Matot/Masei: Hope, Gratitude & Passing the Torch

Last Sunday I was up until about 2 a.m. watching videos from the 2022 Newport Folk Festival. Joni Mitchell and Paul Simon had both made surprise appearances over the weekend and the videos were all over Facebook and YouTube. If you’re of a certain age, as I am, this was the music of your youth. I was 10 when Simon & Garfunkel broke up, and I remember buying Joni’s “Court & Spark” at Sam Goody during one of the many afternoons I spent at the mall in junior high. I still have the album.

It was joyful to watch these videos. Paul Simon is 80. Joni Mitchell is 78 and suffered a brain aneurysm in 2015 that nearly killed her. She had to relearn how to walk and talk. Yet there she was onstage in Newport on Sunday, miraculously singing and playing the guitar. (She said she practiced the latter skill by watching her old YouTube videos.)

A jazz artist I know said that she was crying after seeing Joni Mitchell, but likely not for the right reasons. I understood what she meant. The vocals were at times halting, though Joni seemed to gain confidence and strength as she moved deeper into the set. (Gershwin’s “Summertime” in particular was breathtaking.) There was magic on display, but it was not the same magic you remembered. Musicians like Brandi Carlile and Rhiannon Giddens accompanied both artists onstage, and while their admiration and respect were evident, you couldn’t overlook the distinct feeling that a torch was being passed to the next generation right in front of your eyes.

It was with this twinge of melancholy that I re-read this week’s double Torah portion: Matot (which means tribes) and Masei (travels). These are the last two parshas in the Book of Numbers, and a lot happens. There’s talk about oaths, and battling the Midianites, and Reuven and Gad’s request to settle outside the Land of Israel. There’s a lengthy section about homicide and the penalty for homicide. Zelophehad’s daughters finally get their inheritance. Aaron dies at age 123. And we hear an accounting of everywhere the Israelites have been up to this point in the story.

The conclusion of Numbers marks the end of the forward motion in the Torah. The next step is freedom. In Deuteronomy, Moses will re-tell the Israelites their own history (with some key details changed), and instructing them on how to govern themselves and properly use the gift of freedom that God has entrusted to them. Matot/Masei represents the last time that Moses is an active leader rather than a keeper of (selective) memory.

We know that change is coming, and change can be painful. Moses can only look across the Jordan at the promised land; God forbade him from entering it. Joshua has already been chosen to succeed Moses. Moses and Aaron have reached the end of their useful life as leaders. Once again, the torch is being passed to the next generation. This transition may be regarded as bittersweet, but also necessary and even critical. It is a long-held expectation for new leadership to innovate, preserve and/or eliminate the traditions of the previous generation.

Well, up to a point.

From our current perspective, the population of Baby Boomers is so huge that its impact is impossible to ignore. According to the U.S. Census Bureau, Boomers (those born between 1946 and 1964) are the second-largest population group in 2022, comprising 69.6 million individuals. (The only demographic that’s larger, and not by much, are the millennials.) Thanks to advances in medical care and some genetic good luck, people much older than Boomers are still shaking things up in a multitude of ways.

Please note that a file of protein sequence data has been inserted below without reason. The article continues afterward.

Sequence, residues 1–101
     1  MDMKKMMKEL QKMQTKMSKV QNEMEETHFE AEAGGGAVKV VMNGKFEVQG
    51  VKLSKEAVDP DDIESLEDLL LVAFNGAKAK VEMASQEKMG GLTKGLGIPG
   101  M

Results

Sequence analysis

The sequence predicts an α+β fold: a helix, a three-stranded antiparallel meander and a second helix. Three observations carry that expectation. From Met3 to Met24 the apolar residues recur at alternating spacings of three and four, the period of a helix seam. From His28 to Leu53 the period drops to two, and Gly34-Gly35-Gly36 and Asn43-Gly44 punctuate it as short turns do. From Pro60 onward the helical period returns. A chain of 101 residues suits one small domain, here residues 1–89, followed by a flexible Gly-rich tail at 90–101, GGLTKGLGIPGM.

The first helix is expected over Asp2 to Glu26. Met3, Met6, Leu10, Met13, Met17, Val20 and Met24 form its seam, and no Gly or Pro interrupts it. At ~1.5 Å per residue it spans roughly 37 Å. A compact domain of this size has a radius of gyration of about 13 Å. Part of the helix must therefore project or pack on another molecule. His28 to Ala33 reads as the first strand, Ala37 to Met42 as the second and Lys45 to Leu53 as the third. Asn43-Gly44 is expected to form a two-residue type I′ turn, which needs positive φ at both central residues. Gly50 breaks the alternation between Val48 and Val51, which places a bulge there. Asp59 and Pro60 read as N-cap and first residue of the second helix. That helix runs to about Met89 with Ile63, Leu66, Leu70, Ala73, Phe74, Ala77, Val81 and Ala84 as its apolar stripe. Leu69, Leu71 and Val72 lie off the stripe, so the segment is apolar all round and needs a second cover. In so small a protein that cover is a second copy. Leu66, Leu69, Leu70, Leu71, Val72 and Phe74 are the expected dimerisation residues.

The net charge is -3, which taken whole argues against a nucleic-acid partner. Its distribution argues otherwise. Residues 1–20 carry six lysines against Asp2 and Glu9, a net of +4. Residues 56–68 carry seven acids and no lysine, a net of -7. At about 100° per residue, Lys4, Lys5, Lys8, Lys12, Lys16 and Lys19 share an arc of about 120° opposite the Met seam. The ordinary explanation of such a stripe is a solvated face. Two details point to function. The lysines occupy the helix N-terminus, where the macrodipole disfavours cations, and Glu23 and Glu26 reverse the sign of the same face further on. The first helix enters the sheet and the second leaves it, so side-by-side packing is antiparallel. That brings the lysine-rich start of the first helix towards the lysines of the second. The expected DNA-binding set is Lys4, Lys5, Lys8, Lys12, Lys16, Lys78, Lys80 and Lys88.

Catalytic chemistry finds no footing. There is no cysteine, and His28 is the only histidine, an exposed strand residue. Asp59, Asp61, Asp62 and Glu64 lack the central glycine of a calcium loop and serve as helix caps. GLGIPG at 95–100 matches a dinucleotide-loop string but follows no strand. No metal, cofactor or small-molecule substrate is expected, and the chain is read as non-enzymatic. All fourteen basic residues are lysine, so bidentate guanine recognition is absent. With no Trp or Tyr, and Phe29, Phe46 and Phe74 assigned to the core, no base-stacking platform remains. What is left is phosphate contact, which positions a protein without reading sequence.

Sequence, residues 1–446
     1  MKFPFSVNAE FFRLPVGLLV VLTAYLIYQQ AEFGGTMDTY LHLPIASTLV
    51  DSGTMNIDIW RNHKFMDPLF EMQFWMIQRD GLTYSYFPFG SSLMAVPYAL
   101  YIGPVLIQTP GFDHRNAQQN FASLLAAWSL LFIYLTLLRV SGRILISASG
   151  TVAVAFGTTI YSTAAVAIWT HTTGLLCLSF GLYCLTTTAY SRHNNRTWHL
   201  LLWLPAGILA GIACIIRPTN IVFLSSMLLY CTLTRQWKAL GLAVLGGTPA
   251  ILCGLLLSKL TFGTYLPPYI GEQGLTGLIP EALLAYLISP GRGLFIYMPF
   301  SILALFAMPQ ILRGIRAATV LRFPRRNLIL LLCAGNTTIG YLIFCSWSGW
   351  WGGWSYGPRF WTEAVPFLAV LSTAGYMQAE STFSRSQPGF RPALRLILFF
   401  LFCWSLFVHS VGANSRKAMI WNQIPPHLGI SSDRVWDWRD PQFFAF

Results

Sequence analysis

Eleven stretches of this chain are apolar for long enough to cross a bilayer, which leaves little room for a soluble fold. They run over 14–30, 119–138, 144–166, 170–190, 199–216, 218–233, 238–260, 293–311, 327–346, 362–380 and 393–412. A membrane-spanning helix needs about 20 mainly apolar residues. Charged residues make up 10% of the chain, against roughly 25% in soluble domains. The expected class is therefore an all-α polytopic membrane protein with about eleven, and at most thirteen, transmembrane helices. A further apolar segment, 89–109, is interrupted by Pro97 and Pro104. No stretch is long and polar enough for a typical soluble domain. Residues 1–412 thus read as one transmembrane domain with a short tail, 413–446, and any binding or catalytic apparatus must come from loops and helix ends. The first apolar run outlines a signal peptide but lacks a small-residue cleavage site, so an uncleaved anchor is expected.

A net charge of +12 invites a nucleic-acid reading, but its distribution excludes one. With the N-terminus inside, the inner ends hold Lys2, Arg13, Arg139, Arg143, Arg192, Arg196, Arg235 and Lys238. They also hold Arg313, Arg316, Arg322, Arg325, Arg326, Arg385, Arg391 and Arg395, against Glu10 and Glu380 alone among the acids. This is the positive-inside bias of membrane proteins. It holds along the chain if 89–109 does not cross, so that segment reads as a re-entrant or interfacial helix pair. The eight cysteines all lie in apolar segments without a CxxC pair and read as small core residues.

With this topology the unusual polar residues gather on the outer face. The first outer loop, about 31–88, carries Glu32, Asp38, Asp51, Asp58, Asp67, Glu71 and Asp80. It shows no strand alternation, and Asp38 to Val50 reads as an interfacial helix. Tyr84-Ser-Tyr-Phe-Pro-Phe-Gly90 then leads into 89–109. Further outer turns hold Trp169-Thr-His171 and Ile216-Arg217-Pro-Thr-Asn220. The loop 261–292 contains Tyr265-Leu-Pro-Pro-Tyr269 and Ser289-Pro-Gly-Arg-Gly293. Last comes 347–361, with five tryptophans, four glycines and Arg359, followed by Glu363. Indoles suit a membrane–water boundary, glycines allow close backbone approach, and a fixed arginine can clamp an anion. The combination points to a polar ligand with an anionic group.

The other day The New York Times published an op-ed by Norman Lear, the TV producer, on his 100th birthday. “Reaching this birthday with my health and wits mostly intact is a privilege. Approaching it with loving family, friends and creative collaborators to share my days has filled me with a gratitude I can hardly express,” Lear wrote. “This is our century, dear reader, yours and mine. Let us encourage one another with visions of a shared future. And let us bring all the grit and openheartedness and creative spirit we can muster to gather together and build that future.”

There’s such hope here. And determination. And gratitude for the chance to keep contributing.

Even though Moses will never see his people experience freedom, his work continues. He has value and he is respected as a leader. Which is as it should be. What a blessing it is that the Israelites have the opportunity to experience the full arc of Moses’ life, and to see the grace that comes with Moses knowing that his role is changing from one of leader to legacy builder.

By the end of Numbers, the Israelites are learning a whole new set of lessons from Moses. Yes, they are still learning how to govern. But they are also observing how Moses perseveres despite grievous (some would say unjust) disappointment, despite the various challenges that come with aging, despite the world changing and moving ahead around him. The art of persevering is something that the Israelites will desperately need to rely on as they work toward building their future as a free people.

May we all move forward with grace and determination, and may we remember the value we have and the gifts we bring to the people around us. Let us have the strength to persevere, to embrace life, and to seek happiness no matter what our circumstances happen to be.

Have a great week, and Shabbat Shalom.

B’ShERT’s Cantorial Soloist, Nonie Donato, provided a nod to Joni Mitchell with this anthem. Here is Joni’s version from her appearance last weekend in Newport. I dare you not to cry.